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Just because you already happen to have a certain function at your disposal doesn't mean your language is suddenly superior.

  def partition(n, step, coll):
    for i in range(0, len(coll), step):
      yield coll[i:i+n]

  weekly = [sum(week) for week in partition(7, 7, daily)]
Using Python's map() function you can even do

  map(sum, partition(7, 7, daily))
making it exactly the same as your example. And no, I probably haven't written more Python than you in my life.

Please consider my comment. Firstly, it was in response to this comment:

> That's pretty unreadable for someone who doesn't know clojure.

The real reason for commenting was to show that it is readable and yes, providing the "readable" Python equivalent.

There are two points - firstly, Clojure is (or is becoming?) a lazy language and the list type is different, so no they are definitely not exactly the same.

This brings us to a broader point in that even if you were to have laziness in Python it still wouldn't matter because I'm not the only coder in the world and there are a lot of Pythonists like the author of the article who do it the Pythonic way, which as already hinted, I think is just braindead.

I will not argue the first point, but as for the second one: how does that one author determine what is 'the Pythonic way'? I think

  [sum(week) for week in partition(7, 7, daily)]
is 'the Pythonic way' and I find that quite a bit easier to comprehend than

  map(sum, partition(7, 7, daily))
The reason for that is as simple as it runs counter to what people usually preach: it is less concise. In the former, it is immediately clear that you are partitioning a list of days into partitions of weeks and summing over those weeks, resulting in a list of weekly sums. The extra word 'week', repeated twice, makes all the difference: all ingredients for comprehension are readily provided. The latter case, on the contrary, requires you to do a few mental operations to expand the expression into something meaningful, mentally adding the concept of a 'week' to understand what the code is doing. You need to do that everytime you read the code, which makes it less easy to understand.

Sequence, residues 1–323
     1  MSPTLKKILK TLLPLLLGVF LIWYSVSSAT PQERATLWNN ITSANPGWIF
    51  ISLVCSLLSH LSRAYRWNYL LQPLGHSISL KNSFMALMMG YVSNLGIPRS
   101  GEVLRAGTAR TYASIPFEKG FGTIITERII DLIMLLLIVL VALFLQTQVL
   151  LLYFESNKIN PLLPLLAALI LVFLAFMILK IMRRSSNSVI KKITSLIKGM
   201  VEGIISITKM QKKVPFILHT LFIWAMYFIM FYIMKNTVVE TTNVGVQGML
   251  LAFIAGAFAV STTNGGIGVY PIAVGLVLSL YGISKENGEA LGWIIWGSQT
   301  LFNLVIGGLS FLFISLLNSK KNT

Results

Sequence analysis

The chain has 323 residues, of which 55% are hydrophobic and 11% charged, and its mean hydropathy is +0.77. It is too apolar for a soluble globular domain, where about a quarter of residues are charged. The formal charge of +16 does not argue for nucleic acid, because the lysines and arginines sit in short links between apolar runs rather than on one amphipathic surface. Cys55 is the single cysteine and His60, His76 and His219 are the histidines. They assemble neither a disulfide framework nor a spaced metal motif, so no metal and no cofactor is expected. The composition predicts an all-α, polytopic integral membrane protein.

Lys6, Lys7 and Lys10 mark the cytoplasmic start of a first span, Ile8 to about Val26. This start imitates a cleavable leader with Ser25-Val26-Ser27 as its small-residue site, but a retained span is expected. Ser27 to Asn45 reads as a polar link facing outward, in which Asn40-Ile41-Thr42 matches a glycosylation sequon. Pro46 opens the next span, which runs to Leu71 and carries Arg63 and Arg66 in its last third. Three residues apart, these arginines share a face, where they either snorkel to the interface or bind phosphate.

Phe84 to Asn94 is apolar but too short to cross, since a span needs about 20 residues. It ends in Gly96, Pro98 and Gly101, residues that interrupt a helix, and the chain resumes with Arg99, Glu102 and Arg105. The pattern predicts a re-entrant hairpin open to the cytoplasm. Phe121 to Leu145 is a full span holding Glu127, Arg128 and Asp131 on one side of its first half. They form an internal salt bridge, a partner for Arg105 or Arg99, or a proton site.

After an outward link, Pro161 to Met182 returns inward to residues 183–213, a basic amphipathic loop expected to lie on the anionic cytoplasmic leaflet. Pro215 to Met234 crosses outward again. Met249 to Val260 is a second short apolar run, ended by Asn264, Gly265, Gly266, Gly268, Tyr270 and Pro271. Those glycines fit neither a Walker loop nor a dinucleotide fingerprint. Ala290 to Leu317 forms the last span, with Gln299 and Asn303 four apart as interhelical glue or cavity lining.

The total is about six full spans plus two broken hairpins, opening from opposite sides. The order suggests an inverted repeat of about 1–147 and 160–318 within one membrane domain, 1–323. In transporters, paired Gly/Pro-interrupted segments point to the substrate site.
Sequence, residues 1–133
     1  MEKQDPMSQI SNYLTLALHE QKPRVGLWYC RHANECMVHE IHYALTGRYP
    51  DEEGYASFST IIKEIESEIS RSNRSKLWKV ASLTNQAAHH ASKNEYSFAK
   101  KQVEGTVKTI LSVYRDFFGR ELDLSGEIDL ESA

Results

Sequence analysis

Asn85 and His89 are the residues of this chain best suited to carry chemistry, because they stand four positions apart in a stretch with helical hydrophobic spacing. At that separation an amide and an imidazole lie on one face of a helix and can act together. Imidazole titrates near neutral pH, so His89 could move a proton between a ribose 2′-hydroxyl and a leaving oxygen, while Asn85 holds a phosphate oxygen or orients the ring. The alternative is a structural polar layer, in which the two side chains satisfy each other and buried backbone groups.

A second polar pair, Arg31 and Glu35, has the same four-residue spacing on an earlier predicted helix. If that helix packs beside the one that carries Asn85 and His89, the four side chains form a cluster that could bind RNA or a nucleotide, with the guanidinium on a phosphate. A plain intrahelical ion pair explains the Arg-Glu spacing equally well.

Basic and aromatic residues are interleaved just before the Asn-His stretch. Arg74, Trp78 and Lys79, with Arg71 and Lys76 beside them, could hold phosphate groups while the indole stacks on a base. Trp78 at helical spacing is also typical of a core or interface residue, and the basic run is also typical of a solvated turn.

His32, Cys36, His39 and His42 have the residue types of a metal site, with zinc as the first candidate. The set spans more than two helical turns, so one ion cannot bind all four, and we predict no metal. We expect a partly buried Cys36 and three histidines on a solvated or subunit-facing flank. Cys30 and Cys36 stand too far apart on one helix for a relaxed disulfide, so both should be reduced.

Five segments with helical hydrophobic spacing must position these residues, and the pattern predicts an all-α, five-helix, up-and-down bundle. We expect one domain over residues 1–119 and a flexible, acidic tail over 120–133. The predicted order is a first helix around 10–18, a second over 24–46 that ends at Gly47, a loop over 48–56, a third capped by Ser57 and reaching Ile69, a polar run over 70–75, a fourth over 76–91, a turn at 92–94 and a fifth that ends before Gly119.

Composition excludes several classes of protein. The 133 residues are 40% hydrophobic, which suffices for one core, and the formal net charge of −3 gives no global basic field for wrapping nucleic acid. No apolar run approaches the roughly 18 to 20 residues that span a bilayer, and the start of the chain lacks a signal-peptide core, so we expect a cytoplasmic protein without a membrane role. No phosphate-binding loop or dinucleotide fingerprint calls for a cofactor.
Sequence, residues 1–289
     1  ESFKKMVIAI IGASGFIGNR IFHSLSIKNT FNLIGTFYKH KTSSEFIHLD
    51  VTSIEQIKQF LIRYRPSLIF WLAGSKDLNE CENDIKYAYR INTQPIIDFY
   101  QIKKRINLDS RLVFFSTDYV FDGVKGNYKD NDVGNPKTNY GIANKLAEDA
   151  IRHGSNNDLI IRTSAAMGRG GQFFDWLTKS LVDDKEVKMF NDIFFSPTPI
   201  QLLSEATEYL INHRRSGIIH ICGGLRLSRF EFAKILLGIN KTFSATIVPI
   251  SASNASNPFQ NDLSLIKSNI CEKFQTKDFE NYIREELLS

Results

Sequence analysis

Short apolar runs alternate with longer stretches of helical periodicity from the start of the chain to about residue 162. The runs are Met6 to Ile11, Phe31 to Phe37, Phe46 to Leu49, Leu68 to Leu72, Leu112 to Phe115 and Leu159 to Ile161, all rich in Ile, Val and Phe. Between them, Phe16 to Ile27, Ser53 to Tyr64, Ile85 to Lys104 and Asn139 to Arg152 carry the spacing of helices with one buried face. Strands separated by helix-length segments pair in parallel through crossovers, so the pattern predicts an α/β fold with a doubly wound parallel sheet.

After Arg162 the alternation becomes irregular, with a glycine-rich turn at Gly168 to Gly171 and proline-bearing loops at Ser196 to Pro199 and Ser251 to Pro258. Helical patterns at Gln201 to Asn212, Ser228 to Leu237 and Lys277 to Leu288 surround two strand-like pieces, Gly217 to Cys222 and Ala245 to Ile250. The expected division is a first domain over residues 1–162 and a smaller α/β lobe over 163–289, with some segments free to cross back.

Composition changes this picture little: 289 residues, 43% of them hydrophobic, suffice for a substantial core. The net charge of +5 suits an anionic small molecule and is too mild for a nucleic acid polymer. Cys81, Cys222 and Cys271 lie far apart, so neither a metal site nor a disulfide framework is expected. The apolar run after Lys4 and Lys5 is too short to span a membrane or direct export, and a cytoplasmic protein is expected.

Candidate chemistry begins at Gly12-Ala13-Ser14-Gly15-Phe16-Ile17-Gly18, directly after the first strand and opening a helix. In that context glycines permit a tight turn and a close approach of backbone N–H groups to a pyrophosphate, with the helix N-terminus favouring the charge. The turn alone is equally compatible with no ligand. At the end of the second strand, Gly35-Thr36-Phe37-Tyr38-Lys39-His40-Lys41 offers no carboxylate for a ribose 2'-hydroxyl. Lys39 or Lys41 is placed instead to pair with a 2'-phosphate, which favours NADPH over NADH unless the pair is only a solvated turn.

> Just because you already happen to have a certain function at your disposal doesn't mean your language is suddenly superior.

You are certainly correct in that. That's not what makes Lisps superior to all other languages though, "it's the syntax stupid."

Edit: Sorry, I know that comment appears trollish (and it is), what I meant to say is that unlike Python, Lisp(s) have virtually no syntax, and are more powerful because they treat code as data. It would take me a blog post to explain why that's important, but if you give the language a shot you will see why that is (and compare how long it takes you to learn it to how long it took you to learn Python!).

Isn't there more to power than that? For example, in clojure you can't change the binding of a function in a namespace after it has been compiled. In python or ruby you do have the power to do that.

I'm not a Clojure expert, so I can't directly address that, but from the little that I know of Clojure though, I think you can do that by binding a function to a var, and then changing the binding of the var. (Can any Clojure experts exlaborate?)

Regardless, every Lisp that I am able to comment on (newLISP, elisp, Scheme, CL) can do that easily, so I doubt that Clojure would have difficulty with this.

It does have difficulty with this, check the mailing list. Just because something using s-expressions doesn't mean you can override functions in a namespace.


Thanks for that interesting thread! I do know though that newLISP can do this easily with a simple 'set' call.

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